Car bike racks can definitely damage your car. The main reasons why it might happen are an improper installation of racks and improper transportation of bikes on it. However, different bike rack types (there are trunk racks, hitch racks and roof racks) have different risk levels. The riskiest ones (with a big gap) are trunk bike racks, whereas hitch and roof racks are fairly safe.
Though don’t get discouraged in case you are looking for a car bike rack. The transportation of your bikes on a rack can definitely be done safely (nearly 100% safely for roof and hitch racks). Keep reading and you will learn everything you need to know about how to transport a bike on a rack (all rack types will be covered) in a safe way!
What can go wrong with bike racks in general and why it can happen
Before moving to the specific bike rack types and tips on how to prevent any damage, let’s find out what damage car bike racks can cause:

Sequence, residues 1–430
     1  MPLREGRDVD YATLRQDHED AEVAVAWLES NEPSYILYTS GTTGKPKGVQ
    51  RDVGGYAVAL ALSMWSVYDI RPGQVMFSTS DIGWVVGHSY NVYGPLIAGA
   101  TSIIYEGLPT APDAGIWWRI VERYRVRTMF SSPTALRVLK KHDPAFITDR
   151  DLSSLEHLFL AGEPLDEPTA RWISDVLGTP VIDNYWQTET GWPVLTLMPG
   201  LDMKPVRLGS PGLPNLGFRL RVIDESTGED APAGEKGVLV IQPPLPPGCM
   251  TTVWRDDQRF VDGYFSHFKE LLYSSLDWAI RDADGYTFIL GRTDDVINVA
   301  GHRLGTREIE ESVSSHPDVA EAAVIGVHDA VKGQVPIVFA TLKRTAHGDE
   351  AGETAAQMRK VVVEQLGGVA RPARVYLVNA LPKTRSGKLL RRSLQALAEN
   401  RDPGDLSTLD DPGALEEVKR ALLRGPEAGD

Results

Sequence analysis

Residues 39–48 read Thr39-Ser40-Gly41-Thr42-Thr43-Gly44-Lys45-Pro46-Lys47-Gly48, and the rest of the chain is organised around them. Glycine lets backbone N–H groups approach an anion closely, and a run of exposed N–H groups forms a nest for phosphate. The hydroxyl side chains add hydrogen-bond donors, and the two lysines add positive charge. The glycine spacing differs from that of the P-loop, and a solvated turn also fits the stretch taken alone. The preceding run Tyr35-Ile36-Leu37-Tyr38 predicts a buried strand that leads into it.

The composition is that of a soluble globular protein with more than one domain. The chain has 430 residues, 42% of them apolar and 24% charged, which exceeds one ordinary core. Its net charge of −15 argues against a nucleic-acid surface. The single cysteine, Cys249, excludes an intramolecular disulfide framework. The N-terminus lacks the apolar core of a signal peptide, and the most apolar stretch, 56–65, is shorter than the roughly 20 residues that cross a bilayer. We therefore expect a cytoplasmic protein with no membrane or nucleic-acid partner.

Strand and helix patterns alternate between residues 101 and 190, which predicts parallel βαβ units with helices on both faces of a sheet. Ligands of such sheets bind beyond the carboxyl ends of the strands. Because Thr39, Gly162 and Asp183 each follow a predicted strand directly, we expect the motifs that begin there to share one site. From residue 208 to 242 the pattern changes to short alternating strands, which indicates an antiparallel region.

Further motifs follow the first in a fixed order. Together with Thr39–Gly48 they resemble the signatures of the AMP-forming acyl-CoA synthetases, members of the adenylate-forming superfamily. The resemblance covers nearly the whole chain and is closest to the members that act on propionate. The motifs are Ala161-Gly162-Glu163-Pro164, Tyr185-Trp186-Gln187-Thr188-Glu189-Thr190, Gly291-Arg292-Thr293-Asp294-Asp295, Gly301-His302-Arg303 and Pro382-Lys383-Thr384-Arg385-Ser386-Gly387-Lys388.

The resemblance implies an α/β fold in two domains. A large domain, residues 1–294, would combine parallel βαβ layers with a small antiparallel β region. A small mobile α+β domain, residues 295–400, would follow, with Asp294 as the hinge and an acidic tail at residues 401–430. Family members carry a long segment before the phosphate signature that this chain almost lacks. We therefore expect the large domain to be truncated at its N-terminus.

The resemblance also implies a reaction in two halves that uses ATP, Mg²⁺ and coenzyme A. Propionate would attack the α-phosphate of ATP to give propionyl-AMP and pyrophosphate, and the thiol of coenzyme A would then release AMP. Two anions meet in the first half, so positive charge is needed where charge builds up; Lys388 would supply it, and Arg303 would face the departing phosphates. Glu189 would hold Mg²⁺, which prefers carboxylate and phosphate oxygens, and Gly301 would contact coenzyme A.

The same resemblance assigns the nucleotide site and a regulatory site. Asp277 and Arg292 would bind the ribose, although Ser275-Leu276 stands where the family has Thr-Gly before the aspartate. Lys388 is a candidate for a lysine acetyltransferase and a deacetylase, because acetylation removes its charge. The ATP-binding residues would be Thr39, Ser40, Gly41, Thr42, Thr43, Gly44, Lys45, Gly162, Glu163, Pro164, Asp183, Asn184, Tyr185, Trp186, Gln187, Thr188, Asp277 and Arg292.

- Paint scratches (this is the most frequent type of damage),
- Dents (bumper is the most vulnerable part though even metal parts are not safe from dents),
- Rear window damage (if your car rear window does not have a frame around it),
- Tail lights plastic damage (straps can slip and cause cracks in some cases).
Why it might happen:
- There are many ways how your car can get damaged by bike racks. This is especially the case for trunk bike racks since this type of rack is installed directly on your car, and, as a result, directly contacts painted elements and the rear window,
- An insecurely mounted bike can simply fall off the roof and cause damage to your car or other vehicles or people on the road,
- Also, in order to put a bike on a roof bike rack, you are supposed to perform some bike lifting. Something can go wrong so that the roof of your might get damaged as well,
- An overloaded trunk bike rack causes much more pressure on painted elements, the window and the bumper. As a result, these parts can suffer damage too,